By Cissy McAndrew | Silver City Daily Press
May 13, 2020
Over the past several weeks, New Mexicans have experienced challenges like never before. In many ways, our families and communities have had to hit the pause button due to COVID-19. During these times, I have found solace, strength, and calm in nature — whether that is in my backyard, walking with my goats or looking at pictures of some of the favorite places I often visited before the pandemic hit.
Among those are the banks of the winding Gila and San Francisco rivers. These waters have been a part of my livelihood. As a busy real estate agent, I appreciate that these waters — and the lands and wildlife they sustain — are a factor in drawing people who share our vision of rural living to Grant County. That’s why I’m thrilled that Sens. Tom Udall and Martin Heinrich have introduced legislation designating portions of these rivers as Wild and Scenic.
So many of New Mexico’s rural economies depend on protected public lands and waters, and Grant County is no different. The Gila and San Francisco rivers and their tributaries are the lifeblood of our community, and with a Wild and Scenic designation they will forever help sustain our way of life in southwestern New Mexico.
People visited or made their homes here so they could farm, ranch, hunt, fish, horseback ride, hike, camp, watch wildlife and more in and along the banks of these waterways. And when our state reopens, real dollars will once again begin to flow into our communities. Whether it’s hiring a guide to take you hunting or fishing, buying supplies for your adventure or frequenting your local retail stores and restaurants, businesses either directly or indirectly depend on protecting our lands and waters.
Research has shown that outdoor recreation generates nearly $10 billion in consumer spending, roughly $3 billion in wages and salaries, and $623 million in state and local tax revenues, and directly employs 99,000 New Mexicans every year. And, if the pandemic has taught us anything, it is that we need to invest in sustainable jobs that are the backbone of rural communities.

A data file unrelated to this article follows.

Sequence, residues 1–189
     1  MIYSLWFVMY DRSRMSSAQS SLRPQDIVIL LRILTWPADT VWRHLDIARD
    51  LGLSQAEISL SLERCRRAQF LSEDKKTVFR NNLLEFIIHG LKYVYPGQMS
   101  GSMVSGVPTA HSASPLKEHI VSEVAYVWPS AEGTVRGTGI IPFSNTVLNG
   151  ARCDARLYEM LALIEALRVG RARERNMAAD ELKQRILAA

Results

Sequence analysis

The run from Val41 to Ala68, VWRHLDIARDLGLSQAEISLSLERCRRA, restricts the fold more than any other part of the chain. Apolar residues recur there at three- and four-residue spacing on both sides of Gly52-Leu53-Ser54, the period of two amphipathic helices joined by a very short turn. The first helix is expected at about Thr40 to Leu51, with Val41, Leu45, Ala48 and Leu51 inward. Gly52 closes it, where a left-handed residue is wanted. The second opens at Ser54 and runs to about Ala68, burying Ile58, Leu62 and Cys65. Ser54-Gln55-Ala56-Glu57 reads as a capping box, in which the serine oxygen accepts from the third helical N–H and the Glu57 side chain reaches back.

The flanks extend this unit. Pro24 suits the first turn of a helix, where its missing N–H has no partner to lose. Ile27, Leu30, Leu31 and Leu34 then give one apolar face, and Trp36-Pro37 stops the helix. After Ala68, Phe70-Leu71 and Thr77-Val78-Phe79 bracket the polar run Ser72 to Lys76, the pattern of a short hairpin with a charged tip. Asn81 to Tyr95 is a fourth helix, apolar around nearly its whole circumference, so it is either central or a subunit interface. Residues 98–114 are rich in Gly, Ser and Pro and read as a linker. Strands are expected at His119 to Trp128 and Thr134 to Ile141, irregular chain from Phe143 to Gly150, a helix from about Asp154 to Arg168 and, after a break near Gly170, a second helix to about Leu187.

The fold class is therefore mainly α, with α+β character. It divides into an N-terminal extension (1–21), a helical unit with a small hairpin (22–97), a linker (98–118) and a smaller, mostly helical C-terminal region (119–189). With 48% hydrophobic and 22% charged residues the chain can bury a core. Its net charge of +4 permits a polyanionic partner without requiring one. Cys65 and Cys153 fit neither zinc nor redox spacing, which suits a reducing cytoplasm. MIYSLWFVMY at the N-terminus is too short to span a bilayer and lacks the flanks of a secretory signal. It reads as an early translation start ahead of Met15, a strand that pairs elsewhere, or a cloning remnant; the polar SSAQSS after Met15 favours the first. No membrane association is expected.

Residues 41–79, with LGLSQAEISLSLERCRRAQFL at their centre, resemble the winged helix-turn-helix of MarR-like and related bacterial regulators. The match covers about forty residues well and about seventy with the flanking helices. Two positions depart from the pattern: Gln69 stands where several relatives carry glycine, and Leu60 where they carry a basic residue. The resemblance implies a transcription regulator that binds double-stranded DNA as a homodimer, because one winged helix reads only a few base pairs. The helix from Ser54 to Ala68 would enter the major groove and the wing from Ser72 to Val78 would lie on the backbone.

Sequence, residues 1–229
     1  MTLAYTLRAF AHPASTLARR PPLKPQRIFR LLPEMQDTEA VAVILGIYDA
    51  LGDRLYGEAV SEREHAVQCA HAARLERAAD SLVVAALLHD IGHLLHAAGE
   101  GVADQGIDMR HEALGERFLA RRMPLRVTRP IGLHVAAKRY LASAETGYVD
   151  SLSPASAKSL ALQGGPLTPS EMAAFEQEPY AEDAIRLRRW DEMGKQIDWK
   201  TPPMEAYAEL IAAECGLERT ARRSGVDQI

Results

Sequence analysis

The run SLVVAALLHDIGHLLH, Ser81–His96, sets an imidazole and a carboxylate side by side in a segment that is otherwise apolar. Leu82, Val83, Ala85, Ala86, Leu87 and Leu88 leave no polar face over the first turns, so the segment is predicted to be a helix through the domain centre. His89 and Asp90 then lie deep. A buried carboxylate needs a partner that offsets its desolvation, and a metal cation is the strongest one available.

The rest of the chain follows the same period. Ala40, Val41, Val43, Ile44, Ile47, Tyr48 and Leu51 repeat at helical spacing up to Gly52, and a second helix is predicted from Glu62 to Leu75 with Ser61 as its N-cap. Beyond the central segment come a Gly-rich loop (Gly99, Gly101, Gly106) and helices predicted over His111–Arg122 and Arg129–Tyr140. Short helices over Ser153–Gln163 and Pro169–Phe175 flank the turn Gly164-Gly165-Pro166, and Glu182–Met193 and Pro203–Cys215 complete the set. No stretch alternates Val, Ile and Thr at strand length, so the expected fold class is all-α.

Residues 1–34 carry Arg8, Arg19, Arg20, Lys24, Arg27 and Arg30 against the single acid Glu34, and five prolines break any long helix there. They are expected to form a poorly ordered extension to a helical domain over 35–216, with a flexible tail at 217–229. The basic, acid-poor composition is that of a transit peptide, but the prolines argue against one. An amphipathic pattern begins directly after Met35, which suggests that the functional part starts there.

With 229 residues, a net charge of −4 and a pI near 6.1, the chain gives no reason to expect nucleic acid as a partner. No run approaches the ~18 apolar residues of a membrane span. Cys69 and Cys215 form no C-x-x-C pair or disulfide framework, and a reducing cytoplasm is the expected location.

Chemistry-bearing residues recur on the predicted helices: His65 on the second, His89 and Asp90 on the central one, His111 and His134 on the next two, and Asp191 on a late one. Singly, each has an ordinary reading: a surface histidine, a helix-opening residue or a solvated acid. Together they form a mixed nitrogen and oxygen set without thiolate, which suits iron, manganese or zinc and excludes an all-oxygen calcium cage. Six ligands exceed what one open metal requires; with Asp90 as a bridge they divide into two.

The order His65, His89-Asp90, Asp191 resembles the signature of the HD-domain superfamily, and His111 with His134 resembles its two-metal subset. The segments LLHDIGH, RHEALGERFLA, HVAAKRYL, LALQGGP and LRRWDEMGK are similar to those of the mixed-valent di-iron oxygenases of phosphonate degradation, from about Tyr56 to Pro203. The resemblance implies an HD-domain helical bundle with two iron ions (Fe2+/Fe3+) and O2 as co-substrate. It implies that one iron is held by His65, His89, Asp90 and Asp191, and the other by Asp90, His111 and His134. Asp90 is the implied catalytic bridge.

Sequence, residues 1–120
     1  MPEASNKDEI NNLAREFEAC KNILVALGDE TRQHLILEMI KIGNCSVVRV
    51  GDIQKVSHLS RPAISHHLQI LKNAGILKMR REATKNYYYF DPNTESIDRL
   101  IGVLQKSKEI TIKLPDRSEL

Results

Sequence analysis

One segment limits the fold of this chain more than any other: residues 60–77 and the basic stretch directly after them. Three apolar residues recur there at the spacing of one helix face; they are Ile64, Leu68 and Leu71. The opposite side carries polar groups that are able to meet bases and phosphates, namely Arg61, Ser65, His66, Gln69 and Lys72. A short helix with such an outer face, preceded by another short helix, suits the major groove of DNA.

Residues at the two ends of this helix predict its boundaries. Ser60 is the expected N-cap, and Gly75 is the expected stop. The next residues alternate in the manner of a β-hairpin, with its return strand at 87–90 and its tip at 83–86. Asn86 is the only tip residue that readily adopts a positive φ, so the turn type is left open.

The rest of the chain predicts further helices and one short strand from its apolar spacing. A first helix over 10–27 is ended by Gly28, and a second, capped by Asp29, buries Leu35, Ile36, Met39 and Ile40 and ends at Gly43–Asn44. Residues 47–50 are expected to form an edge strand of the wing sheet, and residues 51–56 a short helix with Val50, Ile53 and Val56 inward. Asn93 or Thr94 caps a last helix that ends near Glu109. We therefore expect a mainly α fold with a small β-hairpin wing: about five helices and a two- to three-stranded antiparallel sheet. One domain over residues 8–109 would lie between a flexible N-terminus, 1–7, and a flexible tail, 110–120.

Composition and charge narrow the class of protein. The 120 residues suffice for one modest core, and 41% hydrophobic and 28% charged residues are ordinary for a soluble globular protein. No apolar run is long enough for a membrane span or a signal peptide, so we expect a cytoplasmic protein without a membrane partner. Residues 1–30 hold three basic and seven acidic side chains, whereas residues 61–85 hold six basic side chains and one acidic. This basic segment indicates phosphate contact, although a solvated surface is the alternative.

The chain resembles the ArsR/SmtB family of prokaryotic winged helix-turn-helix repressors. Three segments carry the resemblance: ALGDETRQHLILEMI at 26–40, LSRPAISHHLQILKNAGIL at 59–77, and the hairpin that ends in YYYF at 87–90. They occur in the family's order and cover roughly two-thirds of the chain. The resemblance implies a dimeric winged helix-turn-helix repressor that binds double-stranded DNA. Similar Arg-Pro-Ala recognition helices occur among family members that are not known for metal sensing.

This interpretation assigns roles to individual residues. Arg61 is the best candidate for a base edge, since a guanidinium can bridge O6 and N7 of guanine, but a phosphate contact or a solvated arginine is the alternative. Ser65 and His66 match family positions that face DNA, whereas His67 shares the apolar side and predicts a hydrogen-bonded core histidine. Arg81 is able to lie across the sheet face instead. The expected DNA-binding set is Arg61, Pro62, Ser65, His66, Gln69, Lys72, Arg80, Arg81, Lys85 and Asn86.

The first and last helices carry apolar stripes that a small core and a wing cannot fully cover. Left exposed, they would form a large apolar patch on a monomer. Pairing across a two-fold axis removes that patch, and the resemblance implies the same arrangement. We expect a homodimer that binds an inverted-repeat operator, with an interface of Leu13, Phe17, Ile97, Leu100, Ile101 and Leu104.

In addition to the outdoor recreation benefits, designating the rivers and tributaries as Wild and Scenic will sustain the traditional New Mexican economies that depend upon time-tested traditions like grazing, ranching, hunting and fishing.
The economic benefits the waters bring are likely one reason a recent public opinion survey found that New Mexican voters overwhelmingly support designating the Gila and San Francisco rivers and their tributaries as Wild and Scenic. The survey was conducted by Change Research, and commissioned by my organization, the Southwest New Mexico Green Chamber of Commerce.
The survey found that in the four counties surrounding the rivers — Catron, Grant, Hidalgo, and Sierra — 65 percent of voters support designating portions of the rivers as Wild and Scenic. It also found that 76 percent of voters statewide support protecting these waters.
The poll was conducted on the heels of a decade-long local effort to preserve these rivers and their tributaries. Tribes, sportsmen and women, veterans, small business owners, local municipalities and governments — including Grant County, All Pueblo Council of Governors, Fort Sill Apache, city of Bayard and the towns of Hurley and Silver City — have all come out in support of preserving these waterways.
Thankfully, the draft legislation proposed by Sens. Udall and Heinrich would safeguard roughly 450 miles of the Gila and San Francisco rivers and their tributaries as Wild and Scenic. Following the release of the draft, the senators solicited public input, and last week, they introduced the bill.
Now more than ever, our community needs a win, and something to look forward to.We, as New Mexicans, care deeply about having clean, free-flowing rivers, and we all depend on them for our enjoyment or livelihoods. When the pandemic is over, we need to invest more, not less, in what makes New Mexico so enchanting: our public lands and waters.
Let’s leave a wild and free legacy that future generations can always enjoy.
Cissy McAndrew is the executive director of the Southwest New Mexico Green Chamber of Commerce and a real estate agent in Grant County.
This guest column originally appeared in the Silver City Daily Press.